In only a few years from its launch, Marketing Automation was already the biggest subset of the whole CRM industry.
Limits and Problems of Marketing Automation
There are, of course, limitations with marketing automation as we know it today. These, in my mind, break down in three ways:
- Data accessibility
- Marketing automation fatigue
- The rise of PQL over MQL model
1. Data Accessibility
Back to those (early) days when Marketing Automation was just born, the world was web-centric. The situation is now completely different from that.
Now users interact with digital products in much more complex and different ways than a decade ago. As I previously explained in this article, the complexity of user interactions and the increasing of medium devices had led to an unusual proliferation of SaaS products vertical on specific markets with specific needs.
The perfect combinations of products with specific features not only is cost saving but can assure a better quality compared to the traditional all-in-one solutions.
SaaS stacks give companies the agility they need to move fast, but often they are the cause of a huge data fragmentation. Valuable customer data is buried in these disconnected tools.
Data continues to be the bedrock of success for a lot of departments in every company, no exception for marketing.
Your marketing is always as good as your data. The more complex your stack is, the more customer data you are spreading across many different tools, and the more time you (or your engineering team) will need to reassemble the puzzle and get a full reasonable picture.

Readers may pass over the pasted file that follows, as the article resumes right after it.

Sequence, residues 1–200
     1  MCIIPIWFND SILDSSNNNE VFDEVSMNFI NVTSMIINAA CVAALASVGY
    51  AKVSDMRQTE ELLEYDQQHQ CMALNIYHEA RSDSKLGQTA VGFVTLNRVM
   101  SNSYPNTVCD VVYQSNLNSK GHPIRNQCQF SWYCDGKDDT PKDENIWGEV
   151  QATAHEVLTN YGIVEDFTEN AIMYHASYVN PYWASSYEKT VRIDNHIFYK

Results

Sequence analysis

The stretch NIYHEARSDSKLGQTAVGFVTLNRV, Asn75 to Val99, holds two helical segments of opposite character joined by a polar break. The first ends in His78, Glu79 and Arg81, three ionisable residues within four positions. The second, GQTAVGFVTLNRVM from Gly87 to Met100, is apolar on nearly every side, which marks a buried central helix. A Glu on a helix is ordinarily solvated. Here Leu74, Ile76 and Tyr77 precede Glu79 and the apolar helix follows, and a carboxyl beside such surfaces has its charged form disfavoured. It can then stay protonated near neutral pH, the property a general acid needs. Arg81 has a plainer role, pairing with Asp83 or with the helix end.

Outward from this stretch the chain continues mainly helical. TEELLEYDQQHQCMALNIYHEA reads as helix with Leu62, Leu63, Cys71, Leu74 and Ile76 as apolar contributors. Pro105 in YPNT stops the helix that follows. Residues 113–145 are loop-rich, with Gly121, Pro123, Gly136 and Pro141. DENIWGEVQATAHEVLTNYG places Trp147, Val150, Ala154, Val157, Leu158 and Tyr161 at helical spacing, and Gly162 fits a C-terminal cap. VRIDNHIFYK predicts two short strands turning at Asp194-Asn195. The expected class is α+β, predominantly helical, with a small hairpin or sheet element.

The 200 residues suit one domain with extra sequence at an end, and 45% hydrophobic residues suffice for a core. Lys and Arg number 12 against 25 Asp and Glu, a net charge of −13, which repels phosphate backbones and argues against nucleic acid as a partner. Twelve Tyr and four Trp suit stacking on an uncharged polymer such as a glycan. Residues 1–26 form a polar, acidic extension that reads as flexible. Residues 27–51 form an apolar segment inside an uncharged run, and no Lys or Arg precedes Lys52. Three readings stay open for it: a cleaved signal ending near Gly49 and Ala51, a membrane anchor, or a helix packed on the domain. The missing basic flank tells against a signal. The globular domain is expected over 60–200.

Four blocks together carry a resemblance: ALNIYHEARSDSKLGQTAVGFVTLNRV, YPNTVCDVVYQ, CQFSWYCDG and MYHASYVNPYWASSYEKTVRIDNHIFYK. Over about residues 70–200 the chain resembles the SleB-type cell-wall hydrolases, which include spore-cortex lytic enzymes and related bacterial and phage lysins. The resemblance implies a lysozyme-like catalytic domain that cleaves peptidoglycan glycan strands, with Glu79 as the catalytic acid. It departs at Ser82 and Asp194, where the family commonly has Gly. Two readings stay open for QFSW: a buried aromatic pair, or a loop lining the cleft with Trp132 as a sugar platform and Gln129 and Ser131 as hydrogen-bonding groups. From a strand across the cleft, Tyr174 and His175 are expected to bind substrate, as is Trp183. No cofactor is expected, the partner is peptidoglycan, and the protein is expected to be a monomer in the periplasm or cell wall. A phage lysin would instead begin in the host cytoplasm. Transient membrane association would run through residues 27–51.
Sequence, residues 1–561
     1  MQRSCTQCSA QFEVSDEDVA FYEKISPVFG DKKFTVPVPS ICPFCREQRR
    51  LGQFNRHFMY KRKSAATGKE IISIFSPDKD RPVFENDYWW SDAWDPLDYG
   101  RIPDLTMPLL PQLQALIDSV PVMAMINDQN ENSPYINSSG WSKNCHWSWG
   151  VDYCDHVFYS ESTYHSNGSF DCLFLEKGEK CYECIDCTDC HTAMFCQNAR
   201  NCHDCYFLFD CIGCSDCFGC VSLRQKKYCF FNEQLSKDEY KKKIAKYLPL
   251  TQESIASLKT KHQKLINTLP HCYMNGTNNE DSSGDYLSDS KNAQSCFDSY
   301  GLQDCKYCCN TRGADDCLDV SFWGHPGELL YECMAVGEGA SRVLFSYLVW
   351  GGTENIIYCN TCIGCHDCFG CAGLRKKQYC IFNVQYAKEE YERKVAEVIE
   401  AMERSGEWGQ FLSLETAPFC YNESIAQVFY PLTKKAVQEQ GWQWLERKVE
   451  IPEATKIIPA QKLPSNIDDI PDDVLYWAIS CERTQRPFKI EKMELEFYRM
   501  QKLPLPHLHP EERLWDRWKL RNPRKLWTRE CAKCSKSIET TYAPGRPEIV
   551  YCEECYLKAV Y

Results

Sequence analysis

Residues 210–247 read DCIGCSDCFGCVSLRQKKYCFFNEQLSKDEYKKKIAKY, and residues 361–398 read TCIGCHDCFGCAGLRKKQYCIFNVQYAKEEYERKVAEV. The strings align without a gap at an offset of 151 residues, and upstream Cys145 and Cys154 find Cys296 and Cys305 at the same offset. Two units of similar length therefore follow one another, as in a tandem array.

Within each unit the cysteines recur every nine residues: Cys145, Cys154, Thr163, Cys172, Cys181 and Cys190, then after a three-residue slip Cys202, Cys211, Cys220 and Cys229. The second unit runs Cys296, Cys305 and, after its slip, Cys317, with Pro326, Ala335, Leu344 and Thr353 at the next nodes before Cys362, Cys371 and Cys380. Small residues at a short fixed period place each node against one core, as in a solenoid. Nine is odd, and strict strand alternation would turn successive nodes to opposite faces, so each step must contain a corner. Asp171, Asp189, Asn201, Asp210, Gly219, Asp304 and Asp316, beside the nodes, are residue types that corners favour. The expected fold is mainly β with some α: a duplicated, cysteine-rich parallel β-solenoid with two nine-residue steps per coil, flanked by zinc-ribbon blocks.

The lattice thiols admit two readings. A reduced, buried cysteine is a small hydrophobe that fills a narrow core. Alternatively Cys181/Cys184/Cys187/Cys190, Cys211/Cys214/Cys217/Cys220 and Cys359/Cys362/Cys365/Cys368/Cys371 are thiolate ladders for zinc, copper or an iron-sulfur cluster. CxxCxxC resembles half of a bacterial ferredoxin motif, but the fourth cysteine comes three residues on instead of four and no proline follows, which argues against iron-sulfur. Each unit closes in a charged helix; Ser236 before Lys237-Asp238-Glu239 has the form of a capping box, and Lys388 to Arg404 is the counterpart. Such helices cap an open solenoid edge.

This is a representation of how the data fragmentation will exponentially growth with the complexity of your stack.
In yellow, the “personalization-curve” tells you how much of your data you’re actually exploiting. While the SaaS stack complexity and the data fragmentation increase, you still have the same level of personalization. The huge amount of customer data you’re generating, it’s silo’d in these tools.
The blue intersection points out the “data dead-loss” – data that you have but you can not use.
2. Marketing Automation Fatigue
Recently, I’ve been reading what Highrise CEO Nathan Konty wrote on Signal v. Noise about how they do drip campaigns differently.
What Nathan pointed out is a very common issue with tactic “fatigue” that exists in many fields, like Human Aesthetic, Spoken Languages, or even Cinema. There is no exception for marketing. Andrew Chen explained this as the Law of Shitty Clickthroughs. Basically, a tactic’s effectiveness fades with time as an audience is exposed to it more often. This happens in advertising all the time.
This effect is even more clear when it comes down to marketing automation. When every marketing/product team at every company, in every industry adopt the same “best-practices” than those standards progressively lose their efficiency over time.
This “fatigue” has been explained by two psychologists with the Wundt-Berlyne curve.
When a stimulus is unlike anything encountered before, we are dealing with absolute novelty, and we experience pleasure. The hedonic value of a stimulus is regarded as a function, rising to a peak (X1, Optimal level of hedonic value) and then falling progressively to a Disillusion phase (X2).
The arousal is considered to be directly related to the novelty of the stimulus.
Marketing (just like many other industries) constantly needs new triggers to enable innovations and keep the arousal and the perceived hedonic value as much high as possible.